5-collage1-walk11-11-16Out around the Iris garden to see new fencing for the horses. Then on the right is the new entrance to the pole barn, where John has made room for both trucks under cover in front of the hay. Below, the left photo (#1) shows poles and gate in the fence he set up temporarily last year – and never completed.
6-collage2-walk11-11-16Number 2, middle, is a large dead tree leaning toward the camera. On the upper left of the tree is a broken part where a limb came off – now cut into firewood rounds but not yet split. These old Cottonwoods and Poplars drop lots of dead wood and then other things grow up through (rose bushes and Hawthorns, for example) such that the tangle is impenetrable.
Photo #3, top right, shows a fence that was in that area that has been uncovered and a thin pole hung along the top wire. All the dead stuff, vines and small plants have been removed on both sides. About 8 years ago a small deer died in this spot. John assumes it got caught, but that is not certain. Regardless, the passage is now easier and visually clearer. The bottom right is a view of our neighbor’s awesome red maple tree, about 100 feet from our fence line. We hope to get cuttings next spring but will also try seeds. We invited ourselves over to do that but haven’t gone yet.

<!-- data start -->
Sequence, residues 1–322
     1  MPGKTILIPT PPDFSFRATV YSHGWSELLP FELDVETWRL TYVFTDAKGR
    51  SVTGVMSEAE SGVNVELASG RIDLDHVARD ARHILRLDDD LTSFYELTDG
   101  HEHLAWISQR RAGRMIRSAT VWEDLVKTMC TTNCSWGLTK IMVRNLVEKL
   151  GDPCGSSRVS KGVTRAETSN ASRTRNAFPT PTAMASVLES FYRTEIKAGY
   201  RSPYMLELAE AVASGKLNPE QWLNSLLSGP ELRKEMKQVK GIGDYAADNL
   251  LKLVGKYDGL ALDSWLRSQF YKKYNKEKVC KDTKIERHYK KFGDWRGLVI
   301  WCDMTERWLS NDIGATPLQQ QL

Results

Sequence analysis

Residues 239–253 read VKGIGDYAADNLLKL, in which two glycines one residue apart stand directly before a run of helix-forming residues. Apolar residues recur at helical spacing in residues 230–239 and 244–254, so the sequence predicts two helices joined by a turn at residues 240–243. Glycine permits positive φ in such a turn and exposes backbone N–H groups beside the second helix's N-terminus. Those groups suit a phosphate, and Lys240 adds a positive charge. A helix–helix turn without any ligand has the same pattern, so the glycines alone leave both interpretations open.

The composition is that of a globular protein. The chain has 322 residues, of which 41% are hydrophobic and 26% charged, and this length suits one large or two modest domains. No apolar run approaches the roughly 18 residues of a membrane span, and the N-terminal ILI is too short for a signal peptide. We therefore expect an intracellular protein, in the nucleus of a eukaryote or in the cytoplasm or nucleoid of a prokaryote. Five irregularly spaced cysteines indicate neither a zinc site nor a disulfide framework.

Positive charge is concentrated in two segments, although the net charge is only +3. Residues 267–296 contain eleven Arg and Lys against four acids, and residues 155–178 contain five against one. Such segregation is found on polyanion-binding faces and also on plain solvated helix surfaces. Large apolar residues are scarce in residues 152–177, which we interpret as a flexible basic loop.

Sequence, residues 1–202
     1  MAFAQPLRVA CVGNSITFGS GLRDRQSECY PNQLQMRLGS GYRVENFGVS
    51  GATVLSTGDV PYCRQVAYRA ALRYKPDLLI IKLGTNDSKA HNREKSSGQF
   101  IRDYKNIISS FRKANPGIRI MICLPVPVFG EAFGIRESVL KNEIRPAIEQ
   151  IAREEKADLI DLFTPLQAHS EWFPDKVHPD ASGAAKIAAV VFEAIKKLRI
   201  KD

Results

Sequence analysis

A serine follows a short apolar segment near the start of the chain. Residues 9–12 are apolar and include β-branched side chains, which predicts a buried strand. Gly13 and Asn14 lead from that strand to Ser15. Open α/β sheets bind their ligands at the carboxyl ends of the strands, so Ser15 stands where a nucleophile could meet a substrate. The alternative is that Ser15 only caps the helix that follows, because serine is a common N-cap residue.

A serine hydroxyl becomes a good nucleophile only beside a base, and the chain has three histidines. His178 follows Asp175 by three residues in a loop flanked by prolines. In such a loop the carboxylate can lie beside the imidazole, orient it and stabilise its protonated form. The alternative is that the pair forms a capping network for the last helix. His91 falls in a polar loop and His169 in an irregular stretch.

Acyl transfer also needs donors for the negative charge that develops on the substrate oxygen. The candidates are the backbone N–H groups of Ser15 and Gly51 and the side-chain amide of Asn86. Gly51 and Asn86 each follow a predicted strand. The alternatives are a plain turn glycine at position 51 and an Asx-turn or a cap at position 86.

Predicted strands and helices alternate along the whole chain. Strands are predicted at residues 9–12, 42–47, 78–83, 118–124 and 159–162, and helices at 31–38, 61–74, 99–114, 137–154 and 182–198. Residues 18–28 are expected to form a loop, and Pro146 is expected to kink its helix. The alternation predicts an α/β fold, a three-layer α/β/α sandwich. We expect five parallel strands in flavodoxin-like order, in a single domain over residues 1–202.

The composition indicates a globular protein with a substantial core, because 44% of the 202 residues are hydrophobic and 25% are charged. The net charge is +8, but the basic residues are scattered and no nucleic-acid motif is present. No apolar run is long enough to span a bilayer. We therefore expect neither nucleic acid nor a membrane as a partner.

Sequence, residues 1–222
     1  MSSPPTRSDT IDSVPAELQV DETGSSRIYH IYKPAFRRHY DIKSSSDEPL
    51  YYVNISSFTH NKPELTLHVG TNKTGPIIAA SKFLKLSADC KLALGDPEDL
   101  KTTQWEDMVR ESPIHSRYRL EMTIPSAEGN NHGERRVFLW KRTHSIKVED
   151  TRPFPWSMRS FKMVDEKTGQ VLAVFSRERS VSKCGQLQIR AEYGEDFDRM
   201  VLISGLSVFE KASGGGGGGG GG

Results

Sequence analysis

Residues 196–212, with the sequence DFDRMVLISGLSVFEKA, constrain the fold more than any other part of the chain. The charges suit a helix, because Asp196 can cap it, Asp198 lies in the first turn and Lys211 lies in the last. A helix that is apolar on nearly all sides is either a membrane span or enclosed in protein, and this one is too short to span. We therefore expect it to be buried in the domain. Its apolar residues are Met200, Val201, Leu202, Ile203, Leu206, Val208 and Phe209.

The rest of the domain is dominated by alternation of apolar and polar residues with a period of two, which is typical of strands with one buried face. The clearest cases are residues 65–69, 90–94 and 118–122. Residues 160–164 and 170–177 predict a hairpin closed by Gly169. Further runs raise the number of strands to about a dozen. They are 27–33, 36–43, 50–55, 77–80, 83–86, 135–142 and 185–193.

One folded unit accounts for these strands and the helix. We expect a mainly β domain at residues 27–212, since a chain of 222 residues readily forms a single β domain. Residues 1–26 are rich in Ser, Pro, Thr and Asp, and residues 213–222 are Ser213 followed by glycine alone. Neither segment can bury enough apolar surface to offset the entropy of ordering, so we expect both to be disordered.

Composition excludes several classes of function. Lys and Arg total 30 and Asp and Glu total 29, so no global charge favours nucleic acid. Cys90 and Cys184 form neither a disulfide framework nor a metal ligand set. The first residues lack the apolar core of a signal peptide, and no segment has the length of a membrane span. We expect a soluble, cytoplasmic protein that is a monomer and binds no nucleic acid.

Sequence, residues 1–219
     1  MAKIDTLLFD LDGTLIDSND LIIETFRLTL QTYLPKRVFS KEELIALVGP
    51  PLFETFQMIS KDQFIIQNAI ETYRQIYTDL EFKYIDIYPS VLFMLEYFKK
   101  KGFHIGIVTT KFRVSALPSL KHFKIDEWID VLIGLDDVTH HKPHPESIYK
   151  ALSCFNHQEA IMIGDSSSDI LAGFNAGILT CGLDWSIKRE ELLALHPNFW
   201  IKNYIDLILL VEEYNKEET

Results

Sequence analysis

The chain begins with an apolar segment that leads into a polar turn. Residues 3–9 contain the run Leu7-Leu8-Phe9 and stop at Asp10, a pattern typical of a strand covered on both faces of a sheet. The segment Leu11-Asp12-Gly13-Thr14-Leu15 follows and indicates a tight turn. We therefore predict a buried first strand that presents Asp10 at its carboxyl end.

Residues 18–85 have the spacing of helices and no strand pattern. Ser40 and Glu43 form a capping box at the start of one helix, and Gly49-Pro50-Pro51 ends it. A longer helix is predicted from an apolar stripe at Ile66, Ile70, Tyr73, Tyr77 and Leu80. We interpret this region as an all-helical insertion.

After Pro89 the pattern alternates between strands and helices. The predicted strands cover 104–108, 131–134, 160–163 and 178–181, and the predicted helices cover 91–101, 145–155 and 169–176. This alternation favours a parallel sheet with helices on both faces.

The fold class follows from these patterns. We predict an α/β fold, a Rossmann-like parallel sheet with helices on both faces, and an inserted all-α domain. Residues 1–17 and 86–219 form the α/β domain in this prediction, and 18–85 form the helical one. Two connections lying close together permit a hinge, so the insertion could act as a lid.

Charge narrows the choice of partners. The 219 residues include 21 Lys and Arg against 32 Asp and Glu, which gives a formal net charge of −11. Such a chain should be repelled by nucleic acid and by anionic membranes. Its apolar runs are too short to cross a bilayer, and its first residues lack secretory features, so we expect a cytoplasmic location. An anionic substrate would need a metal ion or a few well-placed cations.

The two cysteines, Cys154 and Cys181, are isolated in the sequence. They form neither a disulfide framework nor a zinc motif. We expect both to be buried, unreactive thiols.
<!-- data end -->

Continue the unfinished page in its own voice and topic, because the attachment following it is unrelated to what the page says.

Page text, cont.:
I returned to reviewing the thesis, for tomorrow’s defense. I expect to awake to a completed PowerPoint for the defense to review in the morning.

Monday, Nov 14

For Nov 13 CPAP. Reported figures. AHI= 0.00. Events: 0 H, 1 PP, 9 RERA. Time on 6 hrs 46 min with (max = 16 L/min). Oximetry: SpO2 minimum to 88, with avg., 91.4%.

I awoke at 5:30 a.m., and checked my computer. At 2:00 a.m., my student sent a humongous slide show of 160 slides. There is no way she could show those in 35-40 minutes. I made suggestions of where to cut and went back to bed.